And there is still good reason to be concerned: The European Environment Agency's Third Environmental Assessment (2003) stated that “important ecosystems continue to be at risk” while “species population trends are mixed - some previously highly threatened species are starting to recover, others continue to decline at alarming rates [and] decline is now also perceptible in previously common species.”

Estimated costs  Before starting the discussion on how to finance Natura 2000 it is crucial to have a reliable estimate of the costs. According to the Commission estimate the cost of Natura 2000 in EU-25 is 6.1 billion annually. The Commission estimate is based on input received from Member States following a Commission questionnaire sent to Member States in 2003. Preliminary calculations by NGOs state that this is likely to be a significant underestimate. They estimate the yearly costs to be 2-3 times higher than the estimate of the Commission. I therefore only consider the Commission estimate based on input from the Member States as an absolute minimum 'advisory cost'! Should the real cost of financing Natura 2000 exceed the Commission estimate - we should all be prepared to react and show our firm commitment to protecting Europe's nature and be responsible. Responsible politicians should be prepared also to make unpopular decisions, including decisions reallocating present EU-funding.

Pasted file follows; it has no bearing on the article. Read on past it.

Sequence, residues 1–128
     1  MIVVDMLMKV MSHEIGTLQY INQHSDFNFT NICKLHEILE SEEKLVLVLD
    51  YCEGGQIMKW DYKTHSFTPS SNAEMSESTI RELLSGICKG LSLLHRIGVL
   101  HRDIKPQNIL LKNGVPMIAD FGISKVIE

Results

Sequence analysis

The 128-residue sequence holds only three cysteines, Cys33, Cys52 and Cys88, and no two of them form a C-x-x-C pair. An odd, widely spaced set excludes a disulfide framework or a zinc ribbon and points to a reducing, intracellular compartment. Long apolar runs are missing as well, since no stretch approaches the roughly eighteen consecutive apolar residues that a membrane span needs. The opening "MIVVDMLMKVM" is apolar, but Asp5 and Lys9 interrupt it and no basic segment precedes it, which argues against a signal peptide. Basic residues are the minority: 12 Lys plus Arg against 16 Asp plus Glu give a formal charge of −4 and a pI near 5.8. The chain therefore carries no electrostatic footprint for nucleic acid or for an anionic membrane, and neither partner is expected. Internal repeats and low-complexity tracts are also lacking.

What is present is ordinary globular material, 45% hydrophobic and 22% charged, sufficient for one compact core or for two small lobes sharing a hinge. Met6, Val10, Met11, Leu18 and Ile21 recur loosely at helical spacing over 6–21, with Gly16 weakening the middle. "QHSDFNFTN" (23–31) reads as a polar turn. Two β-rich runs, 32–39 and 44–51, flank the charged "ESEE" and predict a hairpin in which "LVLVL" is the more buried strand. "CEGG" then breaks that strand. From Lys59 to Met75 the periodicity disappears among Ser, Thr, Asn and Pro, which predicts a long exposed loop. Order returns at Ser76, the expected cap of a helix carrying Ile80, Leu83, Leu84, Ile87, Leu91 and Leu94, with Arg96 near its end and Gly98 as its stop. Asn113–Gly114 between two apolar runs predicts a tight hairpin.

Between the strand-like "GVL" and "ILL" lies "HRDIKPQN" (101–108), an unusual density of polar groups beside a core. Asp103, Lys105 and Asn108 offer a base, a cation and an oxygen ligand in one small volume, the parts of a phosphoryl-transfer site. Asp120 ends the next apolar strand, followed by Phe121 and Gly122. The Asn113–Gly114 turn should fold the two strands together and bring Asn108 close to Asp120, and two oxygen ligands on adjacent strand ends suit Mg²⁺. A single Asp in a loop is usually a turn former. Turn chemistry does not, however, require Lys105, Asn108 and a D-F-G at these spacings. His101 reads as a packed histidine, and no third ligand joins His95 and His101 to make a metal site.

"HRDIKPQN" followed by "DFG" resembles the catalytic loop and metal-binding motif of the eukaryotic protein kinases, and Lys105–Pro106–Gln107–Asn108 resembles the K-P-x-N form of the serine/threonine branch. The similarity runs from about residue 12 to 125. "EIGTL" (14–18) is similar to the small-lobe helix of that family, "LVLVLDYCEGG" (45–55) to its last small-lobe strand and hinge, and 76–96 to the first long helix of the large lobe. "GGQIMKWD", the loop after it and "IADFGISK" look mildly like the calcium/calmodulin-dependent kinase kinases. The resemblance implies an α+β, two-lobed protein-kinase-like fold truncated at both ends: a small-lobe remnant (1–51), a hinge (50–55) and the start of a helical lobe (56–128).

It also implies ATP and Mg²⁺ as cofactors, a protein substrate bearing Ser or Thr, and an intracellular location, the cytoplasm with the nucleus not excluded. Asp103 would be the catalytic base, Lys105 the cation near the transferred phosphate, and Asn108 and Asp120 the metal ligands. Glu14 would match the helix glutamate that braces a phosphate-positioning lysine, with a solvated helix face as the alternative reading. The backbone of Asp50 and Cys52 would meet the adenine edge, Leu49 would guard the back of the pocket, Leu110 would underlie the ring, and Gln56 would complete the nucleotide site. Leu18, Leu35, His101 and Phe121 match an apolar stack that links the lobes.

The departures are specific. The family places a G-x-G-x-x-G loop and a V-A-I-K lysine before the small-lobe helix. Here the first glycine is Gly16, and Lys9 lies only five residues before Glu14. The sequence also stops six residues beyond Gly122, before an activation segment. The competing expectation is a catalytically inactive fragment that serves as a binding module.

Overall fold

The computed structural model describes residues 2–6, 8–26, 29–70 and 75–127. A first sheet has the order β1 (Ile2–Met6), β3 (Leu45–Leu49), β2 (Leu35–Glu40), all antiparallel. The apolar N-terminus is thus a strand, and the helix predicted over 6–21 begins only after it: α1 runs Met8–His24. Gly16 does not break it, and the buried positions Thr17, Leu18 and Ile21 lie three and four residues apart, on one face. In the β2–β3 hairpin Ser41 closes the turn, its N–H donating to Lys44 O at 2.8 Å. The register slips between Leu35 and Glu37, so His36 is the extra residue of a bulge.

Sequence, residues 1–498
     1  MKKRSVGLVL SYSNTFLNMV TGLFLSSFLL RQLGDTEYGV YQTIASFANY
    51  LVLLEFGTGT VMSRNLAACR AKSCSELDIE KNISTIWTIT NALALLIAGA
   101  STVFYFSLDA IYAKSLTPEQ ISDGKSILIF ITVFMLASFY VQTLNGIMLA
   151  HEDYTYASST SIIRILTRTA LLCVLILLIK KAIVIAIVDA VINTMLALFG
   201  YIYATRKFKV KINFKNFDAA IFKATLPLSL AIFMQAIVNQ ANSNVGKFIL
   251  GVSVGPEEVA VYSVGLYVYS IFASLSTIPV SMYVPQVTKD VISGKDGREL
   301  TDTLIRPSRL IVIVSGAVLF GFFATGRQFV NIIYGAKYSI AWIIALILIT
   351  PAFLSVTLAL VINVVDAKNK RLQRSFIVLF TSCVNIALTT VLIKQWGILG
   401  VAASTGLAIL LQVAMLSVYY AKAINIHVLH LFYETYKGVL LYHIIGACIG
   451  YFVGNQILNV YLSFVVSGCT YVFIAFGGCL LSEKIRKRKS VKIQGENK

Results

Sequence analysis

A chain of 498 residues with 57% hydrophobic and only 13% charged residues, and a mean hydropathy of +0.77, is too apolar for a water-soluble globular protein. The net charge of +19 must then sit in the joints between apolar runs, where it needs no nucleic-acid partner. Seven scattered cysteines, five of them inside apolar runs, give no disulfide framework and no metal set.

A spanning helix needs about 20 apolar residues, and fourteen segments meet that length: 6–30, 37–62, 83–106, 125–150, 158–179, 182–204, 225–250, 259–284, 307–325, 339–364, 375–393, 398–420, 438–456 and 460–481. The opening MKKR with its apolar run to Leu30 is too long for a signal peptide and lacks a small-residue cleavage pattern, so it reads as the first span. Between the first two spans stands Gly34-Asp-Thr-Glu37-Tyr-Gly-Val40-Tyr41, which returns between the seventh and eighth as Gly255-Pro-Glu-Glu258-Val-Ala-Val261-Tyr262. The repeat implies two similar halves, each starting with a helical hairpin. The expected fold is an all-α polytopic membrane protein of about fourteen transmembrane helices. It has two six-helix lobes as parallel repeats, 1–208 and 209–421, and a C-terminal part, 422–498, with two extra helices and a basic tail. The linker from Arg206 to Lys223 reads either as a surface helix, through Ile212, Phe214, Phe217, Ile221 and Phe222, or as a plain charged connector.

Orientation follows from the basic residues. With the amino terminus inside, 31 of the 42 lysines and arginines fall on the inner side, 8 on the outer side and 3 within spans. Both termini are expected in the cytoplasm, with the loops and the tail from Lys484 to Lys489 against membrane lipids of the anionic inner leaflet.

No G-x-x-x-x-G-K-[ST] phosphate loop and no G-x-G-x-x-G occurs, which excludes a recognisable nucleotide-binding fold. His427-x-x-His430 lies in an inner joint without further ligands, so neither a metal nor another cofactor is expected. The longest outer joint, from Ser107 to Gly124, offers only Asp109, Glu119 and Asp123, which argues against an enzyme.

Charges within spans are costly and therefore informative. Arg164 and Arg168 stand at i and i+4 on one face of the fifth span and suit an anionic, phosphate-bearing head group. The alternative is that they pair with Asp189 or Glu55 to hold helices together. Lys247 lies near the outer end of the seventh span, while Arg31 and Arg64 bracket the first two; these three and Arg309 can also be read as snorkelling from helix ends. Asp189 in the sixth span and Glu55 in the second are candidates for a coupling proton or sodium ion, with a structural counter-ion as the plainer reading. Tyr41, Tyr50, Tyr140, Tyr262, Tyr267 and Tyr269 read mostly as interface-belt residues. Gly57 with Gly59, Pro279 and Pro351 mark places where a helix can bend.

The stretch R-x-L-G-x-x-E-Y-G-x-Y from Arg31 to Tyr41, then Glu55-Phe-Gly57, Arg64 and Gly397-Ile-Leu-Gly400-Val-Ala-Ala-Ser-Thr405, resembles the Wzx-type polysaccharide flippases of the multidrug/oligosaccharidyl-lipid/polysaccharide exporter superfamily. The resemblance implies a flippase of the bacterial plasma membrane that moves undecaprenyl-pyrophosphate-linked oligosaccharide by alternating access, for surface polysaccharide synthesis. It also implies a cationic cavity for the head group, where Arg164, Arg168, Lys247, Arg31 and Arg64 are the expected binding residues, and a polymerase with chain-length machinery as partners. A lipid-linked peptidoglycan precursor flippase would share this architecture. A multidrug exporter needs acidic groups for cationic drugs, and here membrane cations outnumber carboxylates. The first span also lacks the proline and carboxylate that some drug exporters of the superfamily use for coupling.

Commission's strategy The Expert Group Report (Working Group on Article 8 of the Habitats Directive) proposed three options for co-financing:

·       Use of existing EU funds;

·       Increasing and upgrading the LIFE-Nature Fund;

·       Creation of a new funding instrument dedicated to Natura 2000.

The Commission's strategy is to pursue the first option and integrate financing of Natura 2000 into existing Rural Development and Structural Fund. Such mainstreaming should be welcomed but it must be noted that currently this strategy has some conspicuous limitations and obstacles.

My respond has been to support the integration approach suggested by the Commission but at the same time improve the suggested strategy. Let me explain how and why!

Strategy of the European Parliament